Dealing with climate change requires a multilevel response made up of both individuals and legislative changes. As citizens, our behavior, in terms of conserving energy and avoiding single-use plastics, for example, will help towards reducing carbon emissions. However, for global warming to be brought under control, systematic changes to our use of natural resources and our energy consumption need to be made.
Society-wide environmental initiatives
In order to action systematic change that affects businesses and society as a whole, the power of government policy must be brought to bear. Whether it is in the form of financial incentives, new standards, or laws, this kind of policymaking is one of the most important for producing widespread change. Indeed, as far back as 1988, the UN’s Brundtland Commission (World Commission on Environment and Development) report argued that the environment had become a ‘political issue’.
Public interest is an excellent motivator
Why have bills related to the environment often been downgraded on the political stage? Well, it’s not through a lack of ideas or dedication on the part of some leaders. The key issue is that driving these policies through requires the majority of government officials to be willing and interested in what they call for. Until quite recently, a lack of public interest has pushed climate change down the list of priorities for policymakers, but it’s becoming ever more vital that this trend is turned around.
Environmental policies benefit us all
One of the ways in which scientific researchers and environmentalists try to convince politicians that action is needed, is by explaining the economic value of protecting the environment. It’s widely recognized that renewables are the future of the energy market. These resources will never run out and they cut other costs for the government, as there is less pollution involved in their production and this minimizes their health impact. As such, it’s a great driver of market success.
More jobs and increased energy supply security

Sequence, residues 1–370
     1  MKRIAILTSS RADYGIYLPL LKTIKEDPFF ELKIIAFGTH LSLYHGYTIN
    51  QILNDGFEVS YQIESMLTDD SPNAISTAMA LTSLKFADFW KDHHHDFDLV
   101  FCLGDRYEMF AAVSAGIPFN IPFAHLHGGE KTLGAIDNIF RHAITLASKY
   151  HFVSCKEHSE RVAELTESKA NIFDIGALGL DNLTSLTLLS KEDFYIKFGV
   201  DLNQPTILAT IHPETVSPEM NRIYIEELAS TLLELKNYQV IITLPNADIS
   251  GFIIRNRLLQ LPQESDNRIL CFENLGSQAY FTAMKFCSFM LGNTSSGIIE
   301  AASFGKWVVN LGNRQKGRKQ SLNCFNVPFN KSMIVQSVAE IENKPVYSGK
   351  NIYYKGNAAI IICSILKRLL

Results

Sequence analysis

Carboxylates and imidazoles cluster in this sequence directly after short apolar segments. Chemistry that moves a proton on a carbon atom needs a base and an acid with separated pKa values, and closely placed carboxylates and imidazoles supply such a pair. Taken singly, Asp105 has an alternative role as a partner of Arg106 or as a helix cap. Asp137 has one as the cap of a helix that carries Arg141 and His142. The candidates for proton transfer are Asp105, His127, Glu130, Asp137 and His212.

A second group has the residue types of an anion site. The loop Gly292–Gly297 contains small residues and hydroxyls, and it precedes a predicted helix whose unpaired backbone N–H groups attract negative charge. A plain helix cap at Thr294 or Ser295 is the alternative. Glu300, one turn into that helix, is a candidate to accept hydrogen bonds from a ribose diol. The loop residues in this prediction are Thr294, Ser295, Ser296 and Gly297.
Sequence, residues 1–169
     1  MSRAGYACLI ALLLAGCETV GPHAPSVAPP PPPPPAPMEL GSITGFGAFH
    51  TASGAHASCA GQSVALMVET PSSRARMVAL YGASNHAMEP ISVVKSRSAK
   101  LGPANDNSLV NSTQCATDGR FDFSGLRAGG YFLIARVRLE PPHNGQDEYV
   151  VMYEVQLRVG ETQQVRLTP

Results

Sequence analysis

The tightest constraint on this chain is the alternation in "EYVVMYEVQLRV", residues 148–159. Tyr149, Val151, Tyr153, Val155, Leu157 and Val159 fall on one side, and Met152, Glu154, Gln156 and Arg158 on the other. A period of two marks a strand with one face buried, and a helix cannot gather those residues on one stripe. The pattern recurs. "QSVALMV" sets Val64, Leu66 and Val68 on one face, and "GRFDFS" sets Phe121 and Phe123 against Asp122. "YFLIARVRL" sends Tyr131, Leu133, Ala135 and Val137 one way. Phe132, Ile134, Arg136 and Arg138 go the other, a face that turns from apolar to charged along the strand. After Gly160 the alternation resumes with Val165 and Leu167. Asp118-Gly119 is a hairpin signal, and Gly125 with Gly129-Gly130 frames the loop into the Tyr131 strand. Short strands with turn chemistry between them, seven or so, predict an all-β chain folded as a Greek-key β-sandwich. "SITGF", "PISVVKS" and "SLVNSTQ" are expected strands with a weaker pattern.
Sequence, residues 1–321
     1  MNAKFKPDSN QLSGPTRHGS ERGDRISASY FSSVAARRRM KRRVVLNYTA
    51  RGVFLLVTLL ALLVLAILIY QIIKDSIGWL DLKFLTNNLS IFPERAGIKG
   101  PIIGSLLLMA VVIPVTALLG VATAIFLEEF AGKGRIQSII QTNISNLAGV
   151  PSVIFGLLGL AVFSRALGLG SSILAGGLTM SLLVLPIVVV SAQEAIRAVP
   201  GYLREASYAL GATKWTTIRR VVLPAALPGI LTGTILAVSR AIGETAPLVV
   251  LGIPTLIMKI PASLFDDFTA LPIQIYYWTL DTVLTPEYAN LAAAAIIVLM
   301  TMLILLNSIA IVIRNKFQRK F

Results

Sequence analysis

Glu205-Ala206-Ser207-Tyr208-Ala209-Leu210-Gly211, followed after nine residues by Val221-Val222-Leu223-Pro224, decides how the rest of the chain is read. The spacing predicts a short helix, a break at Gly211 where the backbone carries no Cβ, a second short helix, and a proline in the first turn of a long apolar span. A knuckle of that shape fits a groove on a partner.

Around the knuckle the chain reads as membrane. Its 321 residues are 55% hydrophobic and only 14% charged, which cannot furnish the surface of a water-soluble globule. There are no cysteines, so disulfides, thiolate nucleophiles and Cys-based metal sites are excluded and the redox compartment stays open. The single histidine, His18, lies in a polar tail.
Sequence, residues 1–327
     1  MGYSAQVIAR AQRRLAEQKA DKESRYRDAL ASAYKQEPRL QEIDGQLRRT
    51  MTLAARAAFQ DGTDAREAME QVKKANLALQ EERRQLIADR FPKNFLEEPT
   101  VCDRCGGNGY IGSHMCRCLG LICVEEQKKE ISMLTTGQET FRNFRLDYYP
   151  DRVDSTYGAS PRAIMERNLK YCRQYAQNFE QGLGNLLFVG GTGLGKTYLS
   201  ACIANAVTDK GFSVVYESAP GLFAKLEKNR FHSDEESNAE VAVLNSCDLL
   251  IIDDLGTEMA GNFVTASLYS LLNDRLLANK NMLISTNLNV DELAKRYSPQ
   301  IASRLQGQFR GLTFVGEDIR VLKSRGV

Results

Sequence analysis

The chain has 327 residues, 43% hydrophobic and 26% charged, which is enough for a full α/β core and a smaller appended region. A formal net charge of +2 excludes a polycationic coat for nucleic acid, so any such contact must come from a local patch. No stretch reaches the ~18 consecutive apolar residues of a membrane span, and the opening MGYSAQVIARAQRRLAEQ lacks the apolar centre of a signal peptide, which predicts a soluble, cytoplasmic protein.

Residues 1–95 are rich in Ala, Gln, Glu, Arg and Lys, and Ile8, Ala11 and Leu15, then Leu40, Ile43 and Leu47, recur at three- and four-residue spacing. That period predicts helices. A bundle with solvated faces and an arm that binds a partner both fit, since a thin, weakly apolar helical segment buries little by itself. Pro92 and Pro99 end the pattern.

A shift of focus to a greener economy will have the knock-on effect of creating many more jobs in the sector. These could be in renewable energy, waste treatment, recycling and the management of pollution. Furthermore, as public transport systems become more efficient and the take-up of electric cars increases, noise, air pollution and greenhouse gasses will all be reduced. This will not only benefit the economy by minimizing the need for pollution control, but also provide a higher degree of security for the country’s energy supplies.
Which public figures have leveraged their position to tackle climate change?
As citizens, we have to take responsibility for protecting the environment every day and it should be the same for our leaders. Some, but not all, are committed to ushering in the kind of global changes that lessen the threat to our future. They are willing to look at the eco-impact of modern life and plan for genuinely effective climate goals. So, who can we look to for guidance on safeguarding the future of Earth?
Business people and strategists like Susan Kennedy can be influential drivers of change. Now an independent director at the natural resources company, Cadiz Inc, Ms. Kennedy previously worked for the California Bay-Delta Authority. In this role, she liaised with environmentalists, farmers and consumers to successfully restore the San Francisco Bay-Delta ecosystem.
As well as running for president in 2019, Senator Kirsten Gillibrand has worked for the Senate Environment and Public Works Committee. She has drafted or co-sponsored bills that deal with managing pollution, air quality monitoring and rebates for zero-emission technology installations.
Back in 2007, Bernie Sanders used his first year in the Senate to produce the national energy efficiency grant program. Once passed, it delivered grants that were used to invest in renewables and energy efficiency programs. He also created the clean energy bill and the carbon tax-and-dividend bill. Although these were never passed, they informed the Democrat’s subsequent policies around climate action. As a presidential candidate in the 2019 election, Sanders explained: “There’s no ‘middle ground’ when it comes to climate policy,” and his position has never wavered.
Along with a group of like-minded politicians, Alexandria Ocasio-Cortez was instrumental in proposing the Green New Deal in 2018. It ensured that climate change could no longer be brushed under the carpet, either by corporations or individuals. The policies include minimizing the country’s carbon emissions to tackle the problem of heatwaves, fires and droughts.
Protecting our future
Ultimately, we will all be affected by climate change, from the air we breathe to the society we live in, and that’s why system-level action is required. In partnership with researchers and scientists, the Government can deliver legislation that results in huge, far-reaching reforms. Strategies that make sustained, ambitious and positive changes will ensure the planet is protected for future generations.
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